Making a difference in the lives of children and their families touched by cancer, Camp Kesem hosts several events each year for children whose parents have been stricken by illness.
Camp Kesem’s mission is to create an opportunity for kids between the ages of 5 to 16 to connect with one another. The camp was originally founded by Stanford in 2000, and began at Fresno State in 2014.
Kristine Nachand, a cancer survivor and a mom of three, said her children have attended the camp before and plan to go again this in Santa Cruz.
“They make a reference to Camp Kesem at least once a day,” Nachand said. “What’s special about this camp is that there is a wide range of kids who go through the event together.”
There are 14 Fresno State students who raise money year-round to keep the camps free of cost. Fresno State’s Camp Kesem goal this year is to fundraise $35,000. So far, they have raised nearly $20,000.
Nikki Wheeler, a student counselor for Camp Kesem, said this camp is one of a kind.
“One evening, we do have an empowerment ceremony,” Wheeler said. “That’s where the kids have the time to share their stories about how cancer has affected them and their family and their everyday lives.”
Nachand said that for 15 months she went through about 60 treatments of radiation and chemotherapy. During those months, her family had to take extra responsibilities during her absence.
“They gave up things for me,” Nachand said. “My oldest, my daughter acted [like] the mom.”
Nachand said when the boys needed something, her oldest would report back to her and fill her in.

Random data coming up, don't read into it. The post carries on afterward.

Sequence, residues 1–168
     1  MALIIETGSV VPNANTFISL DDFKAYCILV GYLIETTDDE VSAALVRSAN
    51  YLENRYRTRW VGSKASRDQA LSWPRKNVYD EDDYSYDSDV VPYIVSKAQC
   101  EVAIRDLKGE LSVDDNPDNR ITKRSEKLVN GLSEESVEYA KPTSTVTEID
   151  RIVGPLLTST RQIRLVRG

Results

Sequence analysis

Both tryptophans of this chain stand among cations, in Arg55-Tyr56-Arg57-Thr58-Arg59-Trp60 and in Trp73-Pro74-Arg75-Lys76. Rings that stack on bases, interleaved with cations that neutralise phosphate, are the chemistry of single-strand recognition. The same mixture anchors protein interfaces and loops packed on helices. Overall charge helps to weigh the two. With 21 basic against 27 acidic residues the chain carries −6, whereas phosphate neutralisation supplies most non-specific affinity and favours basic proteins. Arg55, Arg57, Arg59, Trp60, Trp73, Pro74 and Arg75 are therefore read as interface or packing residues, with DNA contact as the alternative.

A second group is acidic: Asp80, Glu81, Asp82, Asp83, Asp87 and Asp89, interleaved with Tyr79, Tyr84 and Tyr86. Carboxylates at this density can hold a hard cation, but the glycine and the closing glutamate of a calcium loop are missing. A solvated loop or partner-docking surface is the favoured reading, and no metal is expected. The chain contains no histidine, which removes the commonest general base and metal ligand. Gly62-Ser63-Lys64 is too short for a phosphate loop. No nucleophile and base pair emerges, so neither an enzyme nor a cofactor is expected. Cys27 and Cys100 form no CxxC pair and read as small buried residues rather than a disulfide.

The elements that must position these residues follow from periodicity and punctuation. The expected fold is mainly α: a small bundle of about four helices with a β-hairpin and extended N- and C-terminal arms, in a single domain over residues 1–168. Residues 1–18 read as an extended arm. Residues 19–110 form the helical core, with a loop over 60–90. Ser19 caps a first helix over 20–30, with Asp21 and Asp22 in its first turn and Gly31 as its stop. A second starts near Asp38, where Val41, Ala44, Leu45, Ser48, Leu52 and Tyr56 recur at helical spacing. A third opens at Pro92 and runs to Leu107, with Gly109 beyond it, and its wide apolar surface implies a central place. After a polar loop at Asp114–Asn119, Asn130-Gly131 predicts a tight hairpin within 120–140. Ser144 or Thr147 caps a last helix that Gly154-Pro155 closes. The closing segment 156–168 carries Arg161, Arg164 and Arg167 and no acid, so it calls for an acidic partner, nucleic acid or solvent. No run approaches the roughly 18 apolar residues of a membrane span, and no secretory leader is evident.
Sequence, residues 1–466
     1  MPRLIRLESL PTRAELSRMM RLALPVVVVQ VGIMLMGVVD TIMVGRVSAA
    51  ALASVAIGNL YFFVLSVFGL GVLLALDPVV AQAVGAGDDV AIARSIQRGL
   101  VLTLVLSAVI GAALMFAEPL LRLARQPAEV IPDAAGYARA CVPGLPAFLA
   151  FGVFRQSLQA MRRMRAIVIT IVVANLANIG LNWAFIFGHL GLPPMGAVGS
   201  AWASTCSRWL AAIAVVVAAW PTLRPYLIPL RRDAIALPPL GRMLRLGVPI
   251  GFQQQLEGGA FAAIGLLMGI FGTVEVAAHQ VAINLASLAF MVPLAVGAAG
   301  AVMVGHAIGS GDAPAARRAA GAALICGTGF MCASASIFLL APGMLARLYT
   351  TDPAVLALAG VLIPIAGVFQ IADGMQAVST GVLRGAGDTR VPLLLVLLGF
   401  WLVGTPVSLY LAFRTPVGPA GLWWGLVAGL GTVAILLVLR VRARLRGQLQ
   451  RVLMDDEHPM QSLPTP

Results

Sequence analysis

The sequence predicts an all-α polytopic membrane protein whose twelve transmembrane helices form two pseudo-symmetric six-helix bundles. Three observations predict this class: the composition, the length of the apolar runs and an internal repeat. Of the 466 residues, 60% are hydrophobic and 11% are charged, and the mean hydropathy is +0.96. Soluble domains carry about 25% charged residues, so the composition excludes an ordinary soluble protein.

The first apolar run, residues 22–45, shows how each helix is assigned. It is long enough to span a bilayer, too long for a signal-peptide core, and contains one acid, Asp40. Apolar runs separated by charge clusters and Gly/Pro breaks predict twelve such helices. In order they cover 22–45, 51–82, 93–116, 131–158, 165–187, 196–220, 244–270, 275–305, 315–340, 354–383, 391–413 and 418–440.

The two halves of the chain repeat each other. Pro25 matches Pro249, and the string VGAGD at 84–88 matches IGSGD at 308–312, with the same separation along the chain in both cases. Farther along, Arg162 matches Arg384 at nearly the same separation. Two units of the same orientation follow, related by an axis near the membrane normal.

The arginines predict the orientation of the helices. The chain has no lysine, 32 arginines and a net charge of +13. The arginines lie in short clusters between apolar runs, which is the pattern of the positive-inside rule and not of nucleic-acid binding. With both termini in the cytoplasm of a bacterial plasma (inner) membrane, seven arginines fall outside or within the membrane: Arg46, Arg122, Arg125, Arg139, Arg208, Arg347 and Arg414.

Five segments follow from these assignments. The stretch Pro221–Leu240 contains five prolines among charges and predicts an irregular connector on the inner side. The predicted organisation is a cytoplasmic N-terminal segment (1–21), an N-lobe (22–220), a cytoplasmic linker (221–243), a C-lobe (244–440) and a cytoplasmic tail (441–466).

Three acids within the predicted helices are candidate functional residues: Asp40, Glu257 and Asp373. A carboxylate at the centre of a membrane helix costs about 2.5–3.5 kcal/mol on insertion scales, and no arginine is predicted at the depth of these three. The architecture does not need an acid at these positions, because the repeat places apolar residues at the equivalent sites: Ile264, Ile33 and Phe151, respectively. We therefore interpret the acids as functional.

“Because of treatments, I wasn’t aware of certain things,” Nachand said. “They grew up a lot in that time.”
Namit Dhesi, one of two directors for Fresno State’s Camp Kesem, said although they put in a lot of hours, she believes it is all worth it.
“We do a lot of planning,” Dhesi said. “But when we finally get to see the kids, it’s all worth it.”
Dhesi said the best counselors the kids had at camp were ultimately each other.
“Kids are a better support system to each other than the counselors are,” Dhesi said. “You see this 10-year-old comforting a counselor who is crying.”
Dhesi said to be student counselors, they have to go through 20 hours of training and get certified.
“I couldn’t have asked for more,” Nachand said. “The counselors are caring, sincere and genuine.”
Dhesi said this camp has touched a lot of people, and she believes kids should be focused on as well.
“Most people focus on the patient and not the kids,” Dhesi said.
The camp isn’t just for the kids; the camp is for the families as well, because it gave Nachand’s kids a place to get their minds on something other than her cancer and was a place where her kids could just be kids, she said.
“They were able to go to camp without having to take care of me,” Nachand said. “It was really a gift to the whole family.”
Nachand said one of the hardest things was losing her hair, not because she cared about her appearance, but because she could no longer go to the grocery store or pick up her kids from school without people knowing what was going on.
“Chunks of my hair would fall out,” Nachand said, “The day we had to shave my head it took a couple of hours.”
After her head was shaved, the whole family showered, got dressed and went out to dinner, Nachand said.
“This was after we cried, laughed and then cried some more,” Nachand said. “I didn’t want to stay in.”
Nachand said although treatments were hard, her family stayed strong.
“Out of necessity, they suck together,” Nachand said. “Those things brought us closer together.”